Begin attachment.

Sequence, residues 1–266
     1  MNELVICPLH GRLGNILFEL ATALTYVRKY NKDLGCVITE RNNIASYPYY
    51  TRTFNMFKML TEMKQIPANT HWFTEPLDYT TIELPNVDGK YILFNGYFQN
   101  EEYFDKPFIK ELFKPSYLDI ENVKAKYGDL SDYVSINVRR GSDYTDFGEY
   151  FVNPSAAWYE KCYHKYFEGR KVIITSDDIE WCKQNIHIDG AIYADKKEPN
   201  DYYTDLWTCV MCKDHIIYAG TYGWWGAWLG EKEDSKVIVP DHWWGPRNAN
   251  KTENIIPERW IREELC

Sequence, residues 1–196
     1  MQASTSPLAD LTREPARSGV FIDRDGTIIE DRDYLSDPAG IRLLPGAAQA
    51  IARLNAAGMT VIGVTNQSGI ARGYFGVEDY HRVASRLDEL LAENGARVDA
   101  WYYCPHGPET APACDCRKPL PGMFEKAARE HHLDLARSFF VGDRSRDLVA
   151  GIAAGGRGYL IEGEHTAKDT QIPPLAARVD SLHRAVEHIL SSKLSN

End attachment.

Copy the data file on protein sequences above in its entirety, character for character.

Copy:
Sequence, residues 1–266
     1  MNELVICPLH GRLGNILFEL ATALTYVRKY NKDLGCVITE RNNIASYPYY
    51  TRTFNMFKML TEMKQIPANT HWFTEPLDYT TIELPNVDGK YILFNGYFQN
   101  EEYFDKPFIK ELFKPSYLDI ENVKAKYGDL SDYVSINVRR GSDYTDFGEY
   151  FVNPSAAWYE KCYHKYFEGR KVIITSDDIE WCKQNIHIDG AIYADKKEPN
   201  DYYTDLWTCV MCKDHIIYAG TYGWWGAWLG EKEDSKVIVP DHWWGPRNAN
   251  KTENIIPERW IREELC

Sequence, residues 1–196
     1  MQASTSPLAD LTREPARSGV FIDRDGTIIE DRDYLSDPAG IRLLPGAAQA
    51  IARLNAAGMT VIGVTNQSGI ARGYFGVEDY HRVASRLDEL LAENGARVDA
   101  WYYCPHGPET APACDCRKPL PGMFEKAARE HHLDLARSFF VGDRSRDLVA
   151  GIAAGGRGYL IEGEHTAKDT QIPPLAARVD SLHRAVEHIL SSKLSN